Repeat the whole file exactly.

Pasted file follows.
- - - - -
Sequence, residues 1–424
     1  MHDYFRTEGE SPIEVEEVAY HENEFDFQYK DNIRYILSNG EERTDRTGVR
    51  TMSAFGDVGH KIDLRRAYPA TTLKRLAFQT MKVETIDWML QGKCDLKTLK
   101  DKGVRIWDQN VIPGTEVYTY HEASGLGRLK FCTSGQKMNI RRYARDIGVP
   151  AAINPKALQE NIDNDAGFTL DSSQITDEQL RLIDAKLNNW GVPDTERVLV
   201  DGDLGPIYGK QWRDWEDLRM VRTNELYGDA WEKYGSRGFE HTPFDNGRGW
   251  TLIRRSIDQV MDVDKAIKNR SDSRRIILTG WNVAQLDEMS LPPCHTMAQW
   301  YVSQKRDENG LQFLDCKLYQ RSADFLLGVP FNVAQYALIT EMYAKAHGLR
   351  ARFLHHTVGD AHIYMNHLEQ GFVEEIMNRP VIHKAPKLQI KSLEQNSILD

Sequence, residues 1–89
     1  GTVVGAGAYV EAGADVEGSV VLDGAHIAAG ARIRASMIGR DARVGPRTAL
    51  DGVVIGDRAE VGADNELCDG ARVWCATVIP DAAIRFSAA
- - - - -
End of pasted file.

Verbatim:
Sequence, residues 1–424
     1  MHDYFRTEGE SPIEVEEVAY HENEFDFQYK DNIRYILSNG EERTDRTGVR
    51  TMSAFGDVGH KIDLRRAYPA TTLKRLAFQT MKVETIDWML QGKCDLKTLK
   101  DKGVRIWDQN VIPGTEVYTY HEASGLGRLK FCTSGQKMNI RRYARDIGVP
   151  AAINPKALQE NIDNDAGFTL DSSQITDEQL RLIDAKLNNW GVPDTERVLV
   201  DGDLGPIYGK QWRDWEDLRM VRTNELYGDA WEKYGSRGFE HTPFDNGRGW
   251  TLIRRSIDQV MDVDKAIKNR SDSRRIILTG WNVAQLDEMS LPPCHTMAQW
   301  YVSQKRDENG LQFLDCKLYQ RSADFLLGVP FNVAQYALIT EMYAKAHGLR
   351  ARFLHHTVGD AHIYMNHLEQ GFVEEIMNRP VIHKAPKLQI KSLEQNSILD

Sequence, residues 1–89
     1  GTVVGAGAYV EAGADVEGSV VLDGAHIAAG ARIRASMIGR DARVGPRTAL
    51  DGVVIGDRAE VGADNELCDG ARVWCATVIP DAAIRFSAA